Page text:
Heated battle over trout stream and planned cattle operation lands in court

By: - September 23, 2021 4:49 pm

Bloody Run Creek in Clayton County, Iowa. (Photo courtesy of the Sierra Club of Iowa)

The Sierra Club of Iowa is suing the Iowa Department of Natural Resources and Supreme Beef over a proposed a feedlot set to house 11,600 head of cattle.

The lawsuit, filed Thursday in Iowa District Court for Clayton County, alleges that Supreme Beef’s proposed new concentrated animal feeding operation, or CAFO, in Clayton County uses a nutrient management plan based on incorrect data and miscalculations.

The Sierra Club says because the DNR has refused to reconsider its decision approving the operation, even after the issues related to the data were brought to the agency’s attention, it is now forced to take the agency to court.

“In spite of numerous comments from over 100 people and groups, the DNR blatantly violated its own rules and Iowa law when approving the nutrient management plan,” said Wally Taylor, legal counsel for Sierra Club of Iowa. “The DNR failed to protect Iowa’s water. That’s their job. We need to set a strong precedent that we expect the DNR to do its job.”

The planned Clayton County operation has been the source of considerable controversy. It would be one of the largest animal feeding operations in Iowa, and would be sited near Bloody Run Creek, a trout stream that is clean enough the state has declared it one of just 35 outstanding waterways in the state – a designation that is supposed to result in extra protection.

The DNR, however, now stands accused of bowing to political pressure in approving Supreme Beef’s nutrient management plan.

Sen. Dan Zumbach, R-Ryan, contacted the DNR on behalf of Supreme Beef, email records show. One of the company’s principals, Jared Walz, is married to Zumbach’s daughter, Chelsea. Also, Becky Sexton of Twin Lakes Environmental Services wrote to a DNR field office staffer on behalf of Supreme Beef during the approval process. Sexton is married to Rep. Mike Sexton, R-Rockwell City, and the two founded Twin Lakes. Rep. Sexton is on the House environmental protection and agriculture committees.

“Bloody Run Creek is a designated ‘Outstanding Iowa Water,’” said Steve Veysey, an organizer with the Committee to Save Bloody Run. He said Iowa has laws about siting manure lagoons in the sort of terrain that’s at the CAFO site. “DNR approved it anyway. I, for one, would like to know why.”

In order to operate, Supreme Beef was required to develop a DNR-approved nutrient management plan showing that manure from the operation would be applied to crop fields at a level that would avoid runoff into streams and rivers.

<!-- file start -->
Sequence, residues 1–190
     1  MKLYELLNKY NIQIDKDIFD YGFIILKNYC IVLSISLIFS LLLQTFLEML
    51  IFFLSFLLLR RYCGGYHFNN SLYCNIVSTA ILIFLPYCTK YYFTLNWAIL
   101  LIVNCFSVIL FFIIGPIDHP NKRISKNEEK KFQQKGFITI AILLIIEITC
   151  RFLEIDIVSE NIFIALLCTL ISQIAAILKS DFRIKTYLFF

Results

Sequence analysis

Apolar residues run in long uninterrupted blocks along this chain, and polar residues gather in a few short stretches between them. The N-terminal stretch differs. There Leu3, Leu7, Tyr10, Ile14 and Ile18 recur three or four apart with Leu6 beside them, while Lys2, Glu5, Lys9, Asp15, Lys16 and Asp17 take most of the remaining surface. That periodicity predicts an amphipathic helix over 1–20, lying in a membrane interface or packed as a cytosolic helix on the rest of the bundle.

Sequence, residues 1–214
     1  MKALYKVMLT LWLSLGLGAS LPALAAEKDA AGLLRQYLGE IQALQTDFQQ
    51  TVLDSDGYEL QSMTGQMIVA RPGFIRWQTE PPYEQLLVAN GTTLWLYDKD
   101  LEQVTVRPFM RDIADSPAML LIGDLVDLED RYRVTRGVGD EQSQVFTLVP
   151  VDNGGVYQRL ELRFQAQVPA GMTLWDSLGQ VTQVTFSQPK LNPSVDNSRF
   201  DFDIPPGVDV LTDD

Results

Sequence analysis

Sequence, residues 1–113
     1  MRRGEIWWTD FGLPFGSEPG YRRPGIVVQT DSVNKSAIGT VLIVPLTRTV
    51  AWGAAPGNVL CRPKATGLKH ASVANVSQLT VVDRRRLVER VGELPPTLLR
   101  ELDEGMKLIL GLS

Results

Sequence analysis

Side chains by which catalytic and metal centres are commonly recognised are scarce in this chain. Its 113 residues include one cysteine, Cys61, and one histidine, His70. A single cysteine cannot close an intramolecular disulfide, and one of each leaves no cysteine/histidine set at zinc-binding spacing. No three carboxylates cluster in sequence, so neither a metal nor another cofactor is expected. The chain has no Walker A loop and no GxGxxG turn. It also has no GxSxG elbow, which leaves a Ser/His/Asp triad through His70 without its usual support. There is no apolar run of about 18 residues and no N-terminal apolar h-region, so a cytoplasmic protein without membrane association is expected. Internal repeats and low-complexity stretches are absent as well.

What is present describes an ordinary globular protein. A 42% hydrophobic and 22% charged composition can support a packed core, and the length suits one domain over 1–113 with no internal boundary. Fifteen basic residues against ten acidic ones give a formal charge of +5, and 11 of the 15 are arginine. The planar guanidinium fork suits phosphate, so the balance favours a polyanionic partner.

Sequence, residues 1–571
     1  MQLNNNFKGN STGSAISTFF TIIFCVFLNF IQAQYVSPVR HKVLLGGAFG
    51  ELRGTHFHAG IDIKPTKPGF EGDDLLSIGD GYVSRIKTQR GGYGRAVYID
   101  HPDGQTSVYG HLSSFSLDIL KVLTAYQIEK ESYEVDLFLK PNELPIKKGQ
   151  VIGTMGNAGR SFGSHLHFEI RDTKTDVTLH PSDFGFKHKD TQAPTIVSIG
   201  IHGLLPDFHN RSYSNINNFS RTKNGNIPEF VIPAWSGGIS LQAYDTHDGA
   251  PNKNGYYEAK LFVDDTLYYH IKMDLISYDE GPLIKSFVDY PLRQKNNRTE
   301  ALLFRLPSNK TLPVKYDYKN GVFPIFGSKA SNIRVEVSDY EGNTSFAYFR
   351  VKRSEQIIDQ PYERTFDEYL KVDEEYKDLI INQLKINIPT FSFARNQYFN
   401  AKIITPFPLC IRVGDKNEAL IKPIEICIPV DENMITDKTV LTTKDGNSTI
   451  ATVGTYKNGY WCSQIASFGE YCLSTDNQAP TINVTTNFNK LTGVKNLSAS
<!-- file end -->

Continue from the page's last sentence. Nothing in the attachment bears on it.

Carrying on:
The Sierra Club of Iowa submitted comments to the DNR challenging Supreme Beef’s plan, arguing that it relied on flawed data and incorrectly calculated the amount of manure that could be applied to crop fields.

Among the many alleged miscalculations: The Sierra Club claims Supreme Beef so underestimated the amount of manure the operation will produce that there are 1.3 million pounds of nitrogen and phosphorus that are “unaccounted for.” The club also alleges that 98% of the planned manure fields are on highly erodible land, and that manure should not be applied on sloping fields with no soil erosion control practices in place.

The DNR approved Supreme Beef’s nutrient management plan in early April. In the court petition filed Thursday, lawyers for the Sierra Club argue that is incumbent on the state agency to properly enforce regulations related to environmental hazards from animal feeding operations. “Unfortunately, IDNR often shirks its duty,” the petition states. “This case is a tragic example.”

According to the Sierra Club, there were only five animal feeding operations in Clayton County in 1990, and today there 116, with a total of more than 100,000 animals.

The DNR and Supreme Beef have yet to file a response to the lawsuit.

The Sierra Club of Iowa is the largest environmental non-profit in the state, and endorses political candidates, engages in lobbying works with volunteers on issues affecting the environment.

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Clark Kauffman
Clark Kauffman

Deputy Editor Clark Kauffman has worked during the past 30 years as both an investigative reporter and editorial writer at two of Iowa’s largest newspapers, the Des Moines Register and the Quad-City Times. He has won numerous state and national awards for reporting and editorial writing.